Barclays made a £235m windfall gain on its bonus schemes last year, the bank revealed on Wednesday, as boss Antony Jenkins was forced to defend releasing the details of multimillion pound bonuses on the day of the budget.
As the embattled bank reported profits down 25% in the first quarter of 2013 because of the cost of its Project Transform restructuring programme, it also conceded that in the same period last year it had made £235m from a complex financial transaction it put in place as it awarded bonuses in shares to its 140,000 staff.
Jenkins was promoted from running the retail bank following Bob Diamond’s departure in July in the wake of the Libor rigging scandal. He said the bank would publish its formal response to the review by City lawyer Anthony Salz on Thursday during the bank’s annual meeting, when it is hoping to avoid a re-run of last year’s revolt over pay and bonuses. Almost one in three shareholders failed to support the bank’s remuneration report last year in a row over bonuses for Diamond.
Salz made 34 recommendations for change at Barclays in his report earlier this month, which concluded that its bankers were engulfed in a culture of “edginess” and “winning at all costs” that damaged its reputation. Jenkins insisted the bank would respond to all of the points raised by Salz, who was commissioned by the bank for the report, which cost £17m.
Jenkins was forced to insist the bank had not been intending to “bury bad news” by announcing on the day of the budget that £38.5m of bonuses had been released to nine top bankers. He was handed £5.3m in shares – even after waiving a bonuses for 2012 – while investment banking head Rich Ricci, whose retirement was announced last week, received £17.6m.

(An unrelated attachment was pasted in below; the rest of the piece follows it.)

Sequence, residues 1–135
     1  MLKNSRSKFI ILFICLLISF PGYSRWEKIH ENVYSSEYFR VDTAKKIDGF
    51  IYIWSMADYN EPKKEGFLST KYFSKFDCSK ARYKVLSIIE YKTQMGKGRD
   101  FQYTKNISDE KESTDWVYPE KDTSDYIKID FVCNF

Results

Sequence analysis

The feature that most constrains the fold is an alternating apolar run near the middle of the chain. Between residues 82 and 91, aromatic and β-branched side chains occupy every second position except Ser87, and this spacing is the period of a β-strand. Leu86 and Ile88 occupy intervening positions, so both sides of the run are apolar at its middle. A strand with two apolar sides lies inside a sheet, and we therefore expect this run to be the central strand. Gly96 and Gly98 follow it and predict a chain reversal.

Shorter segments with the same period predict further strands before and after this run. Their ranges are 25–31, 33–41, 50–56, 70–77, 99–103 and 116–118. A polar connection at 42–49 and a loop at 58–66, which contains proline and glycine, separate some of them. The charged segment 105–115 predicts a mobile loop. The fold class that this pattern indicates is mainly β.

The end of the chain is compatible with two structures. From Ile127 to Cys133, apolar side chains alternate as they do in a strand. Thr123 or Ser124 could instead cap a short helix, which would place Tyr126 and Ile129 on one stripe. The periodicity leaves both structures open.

The bank was not trying to “hide or obfuscate” the bonus awards, he said, insisting the date for the release of the awards had been set before the Treasury announced the budget would be on 20 March.
In the first quarter of last year, the bank had not issued shares or bought shares in the market when it paid bonuses to staff but instead used a financial instrument that allowed it to make a gain of £235m from what it described as “hedges of employee share awards”. This meant that income in the first quarter of 2013 was down 5% as this gain did not reoccur this year.
Jenkins indicated that his management changes were complete following the departures of Ricci and head of wealth Tom Kalaris – both associated with the previous regime.
The bank did not take additional provisions for mis-selling payment protection insurance or interest rates swaps as it announced a drop in adjusted pre-tax profits to £1.7bn – from £2.4m a year ago. The fall was largely caused by the £514m of costs associated with Jenkins’s transformation programme, involving the axing of 3,700 jobs, scaling back the investment bank and overhaul of the culture.
On a statutory basis, which includes the swings associated with being required to take account of the cost of buying back its own debt, profits were £1.5bn compared with a loss of £525m a year earlier.
The investment bank continued to dominate the results, making £1.3bn of profits – up 11% from a year ago – while losses in the European retail banking business widened to £462m from £72m.
Impairments on bad loans fell by 10% to £706m while the bank is paying a 1p dividend.
Barclays’s finance director, Chris Lucas, who is under investigation by regulators over disclosures of fundraisings from Middle East investors in 2008, said there was “close and continuous” dialogue with the regulators over whether the bank needed to take action to raise additional capital. The financial policy committee said last month that banks needed to find £25bn of additional capital, but did not disclose which ones.
Πηγή: The Guardian